(You're reading all posts by Jonathan Zschau) Jonathan was introduced to Apple at the age of five when his family bought its first computer, an Apple IIGS, in 1986. He has owned and used Macs almost exclusively ever since. He is an attorney from Boston, Massachusetts where he focuses on litigation technology. As a contributor he writes about consumer protection issues related to Apple products. He is also the author of Buying and Owning a Mac: Secrets Apple Doesn't Want You to Know.
About Jonathan Zschau
There’s a good chance you can think of someone who plans on giving an Apple product this holiday season. Apple has rolled out its own Holiday Gift Guide and has its own gifting information page, which details the basics about gifting Apple products. If you’re looking for a little more assistance when shopping for Apple products then this guide is for you. Here we offer some simple tips to help the average holiday shopper save time and money when gifting Apple products.
The Washington Post’s WP Politics app for the iPad is an excellent resource for anyone interested in United States politics. I spent a few days with this free app and found it to be an excellent tool for tracking and understanding the 2012 election season. While not without its flaws, this app does two critical things exceedingly well. First, it aggregates media and information from a broad range of sources into one tool. Whether you’re looking for the latest news about a particular candidate or economic data from years ago, it’s all here. Second, it organizes and contextualizes the information in a way that helps the casual user to understand it. It classifies news articles by genre, organizes Twitter feeds by source, and breaks candidates down by their stances on the issues. If you’re looking for an app to help you follow the upcoming election, or politics in general, look no further.
The iPhone 5 pre-orders kicked off last Friday at 12:00 a.m. PST and it only took a few hours for delivery estimates to start to slip well into October. A little perspective – it took nearly a day (approximately 22 hours) for last year’s iPhone 4S pre-sale to begin to run out; the iPhone 5 did the same in about an hour.
Hopefully Apple will be able to keep up with the demand for the iPhone 5. But if not here are a few tips based on what we have learned from past iPhone releases that might help lessen headaches and improve your chances of getting your hands on an iPhone 5 this season.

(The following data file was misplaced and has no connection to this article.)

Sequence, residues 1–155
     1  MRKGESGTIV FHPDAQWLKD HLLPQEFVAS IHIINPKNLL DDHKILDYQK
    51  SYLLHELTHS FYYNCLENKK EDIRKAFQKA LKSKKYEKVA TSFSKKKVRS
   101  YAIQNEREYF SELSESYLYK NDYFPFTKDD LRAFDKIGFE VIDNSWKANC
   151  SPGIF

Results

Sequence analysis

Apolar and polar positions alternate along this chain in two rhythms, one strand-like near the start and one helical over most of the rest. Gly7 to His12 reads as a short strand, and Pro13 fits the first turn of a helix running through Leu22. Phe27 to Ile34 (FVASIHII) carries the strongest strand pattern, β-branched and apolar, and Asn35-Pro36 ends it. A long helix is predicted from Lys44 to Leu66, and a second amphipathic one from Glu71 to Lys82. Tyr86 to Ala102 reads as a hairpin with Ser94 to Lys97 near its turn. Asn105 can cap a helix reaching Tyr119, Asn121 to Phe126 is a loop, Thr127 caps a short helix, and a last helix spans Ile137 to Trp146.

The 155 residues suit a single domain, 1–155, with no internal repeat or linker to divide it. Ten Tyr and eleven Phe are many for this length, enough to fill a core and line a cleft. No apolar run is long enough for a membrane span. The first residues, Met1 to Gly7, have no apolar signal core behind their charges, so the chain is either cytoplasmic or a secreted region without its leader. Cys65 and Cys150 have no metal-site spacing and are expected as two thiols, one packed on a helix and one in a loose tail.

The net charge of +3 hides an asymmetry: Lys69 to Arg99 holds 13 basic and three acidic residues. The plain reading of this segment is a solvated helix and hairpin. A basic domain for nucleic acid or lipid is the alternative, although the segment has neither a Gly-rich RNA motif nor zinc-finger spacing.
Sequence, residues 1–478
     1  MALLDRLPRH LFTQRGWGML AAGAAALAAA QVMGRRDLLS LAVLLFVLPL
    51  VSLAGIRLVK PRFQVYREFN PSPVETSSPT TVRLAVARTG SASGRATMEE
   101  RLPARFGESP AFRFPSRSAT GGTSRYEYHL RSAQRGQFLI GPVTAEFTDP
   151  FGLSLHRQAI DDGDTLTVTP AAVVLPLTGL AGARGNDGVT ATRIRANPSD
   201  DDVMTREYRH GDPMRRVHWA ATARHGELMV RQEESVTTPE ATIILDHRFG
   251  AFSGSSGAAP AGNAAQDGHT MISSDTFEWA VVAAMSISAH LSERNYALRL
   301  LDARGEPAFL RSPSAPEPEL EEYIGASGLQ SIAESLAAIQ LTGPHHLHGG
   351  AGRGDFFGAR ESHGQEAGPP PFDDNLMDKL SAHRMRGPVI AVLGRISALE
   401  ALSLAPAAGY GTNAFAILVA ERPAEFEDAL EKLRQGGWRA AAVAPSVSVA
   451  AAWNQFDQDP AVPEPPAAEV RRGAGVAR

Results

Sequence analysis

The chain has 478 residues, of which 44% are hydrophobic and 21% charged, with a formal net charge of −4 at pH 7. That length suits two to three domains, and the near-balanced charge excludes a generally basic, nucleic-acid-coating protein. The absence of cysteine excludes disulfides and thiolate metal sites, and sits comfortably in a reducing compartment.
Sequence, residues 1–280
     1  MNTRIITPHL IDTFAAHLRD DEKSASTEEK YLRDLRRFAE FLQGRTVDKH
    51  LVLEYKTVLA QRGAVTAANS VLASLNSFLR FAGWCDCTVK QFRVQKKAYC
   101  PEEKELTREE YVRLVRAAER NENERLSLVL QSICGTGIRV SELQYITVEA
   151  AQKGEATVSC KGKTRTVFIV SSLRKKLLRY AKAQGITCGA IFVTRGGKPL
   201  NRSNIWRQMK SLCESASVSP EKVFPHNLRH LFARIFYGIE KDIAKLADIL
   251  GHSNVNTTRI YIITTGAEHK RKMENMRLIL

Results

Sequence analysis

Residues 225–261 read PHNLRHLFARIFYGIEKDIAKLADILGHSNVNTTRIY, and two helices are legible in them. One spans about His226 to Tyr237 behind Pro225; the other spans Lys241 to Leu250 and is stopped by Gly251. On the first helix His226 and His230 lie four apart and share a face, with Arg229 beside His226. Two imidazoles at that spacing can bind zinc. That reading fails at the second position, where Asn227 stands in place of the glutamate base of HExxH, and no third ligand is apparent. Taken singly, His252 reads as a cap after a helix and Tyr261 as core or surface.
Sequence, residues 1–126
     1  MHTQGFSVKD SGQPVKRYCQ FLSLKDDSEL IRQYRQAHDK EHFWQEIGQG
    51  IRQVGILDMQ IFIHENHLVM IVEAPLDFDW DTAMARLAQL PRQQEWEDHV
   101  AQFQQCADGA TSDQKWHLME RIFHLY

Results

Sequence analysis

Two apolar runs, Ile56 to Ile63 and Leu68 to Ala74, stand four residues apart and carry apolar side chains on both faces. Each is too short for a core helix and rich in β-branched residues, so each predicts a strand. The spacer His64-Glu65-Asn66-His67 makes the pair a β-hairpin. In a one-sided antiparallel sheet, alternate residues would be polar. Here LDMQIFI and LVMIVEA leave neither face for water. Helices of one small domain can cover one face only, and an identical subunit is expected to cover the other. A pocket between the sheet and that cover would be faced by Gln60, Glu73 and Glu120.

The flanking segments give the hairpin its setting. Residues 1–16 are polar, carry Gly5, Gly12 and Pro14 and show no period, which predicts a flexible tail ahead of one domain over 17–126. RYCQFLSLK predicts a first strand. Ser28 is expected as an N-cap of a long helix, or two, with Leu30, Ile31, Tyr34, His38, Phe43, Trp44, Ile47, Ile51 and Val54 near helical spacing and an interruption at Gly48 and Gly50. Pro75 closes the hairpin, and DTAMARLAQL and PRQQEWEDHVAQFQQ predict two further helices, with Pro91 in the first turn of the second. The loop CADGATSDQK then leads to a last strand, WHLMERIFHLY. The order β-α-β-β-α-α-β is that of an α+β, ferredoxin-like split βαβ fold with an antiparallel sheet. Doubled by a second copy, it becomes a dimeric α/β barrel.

If you live in Massachusetts and are in the market for a new Mac then you’re in luck. Massachusetts will once again be holding a tax holiday on the weekend of August 11-12. This might be a great opportunity to save some money on Apple products. Here’s what you need to know.
While many of us already have our eyes set on the new iPhone, which Apple will likely release this fall, there are still millions of people using the iPhone 4.
Released on June 24, 2010, the first round of iPhone 4’s are about to hit their two-year anniversary. This means that those who purchased an iPhone 4 along with the AppleCare protection plan, which effectively extends warranty protection to two years, are about to lose coverage.
If you bought an iPhone 4 in the summer of 2010 you should take some time to examine it in order to ensure that no part of it is showing signs of defect. Here’s what you need to know.
A few years back Seattle Rex had gone all out on a 17” MacBook Pro – spending approximately $4,500 on the then top-of-the-line machine ($5,100 including AppleCare). The particular MacBook Pro he bought turned out to be defective. The laptop’s Nvidia graphics processor started displaying symptoms of the defect shortly after his AppleCare expired. A few days later the laptop died completely – it wouldn’t even start up. At the time Rex’s laptop broke down the defect was a known and well-documented issue. Apple had even issued a tech note and was replacing defective models as they failed.
Last week, the Department of Justice filed its lawsuit against Apple and several large publishing companies alleging a complex conspiracy to fix e-book prices and to limit competition among e-book retailers. It didn’t take long for Apple to fire back in a public statement, claiming that the allegations set forth in the DOJ’s complaint “were simply not true” and that Apple’s actions actually served to break “Amazon’s monopolistic grip on the publishing industry” and to encourage – not hamper — competition. Who’s telling the real story?
There are now over 500,000 iPhone apps and 170,000 iPad apps available on Apple’s App Store and that number will surely continue to increase as new app developers enter the foray. In March 2012 Apple’s App Store surpassed its 25 billionth download. If you’re not already buying apps regularly, you probably will be soon. Here are some tips that may help you save some money on your App Store purchases.
Earlier this year Apple announced iTunes U, making it clear that Apple intends to make the iPad ubiquitous in academia. The iPad is truly coming into its own as a legitimate alternative to the PC. For students, this means that the iPad is quickly becoming a powerful learning tool, which is good for a lot more than reading.
I sat down with a Boston-based PhD student who, for the past year, has been using her iPad nearly exclusively for her studies. Here are the core peripherals and apps that she recommends in order to supercharge your iPad for use in the academic setting.
Buying a new iPad? Be sure that you’re well aware Apple has made some changes to AppleCare. This past year Apple changed the iPhone AppleCare option to AppleCare+ and it has now done the same for the iPad. Unsurprisingly, AppleCare+ offers you more protection for your new iPad than was previously available under standard AppleCare plans, but there are a few differences, which everyone should take a moment to understand.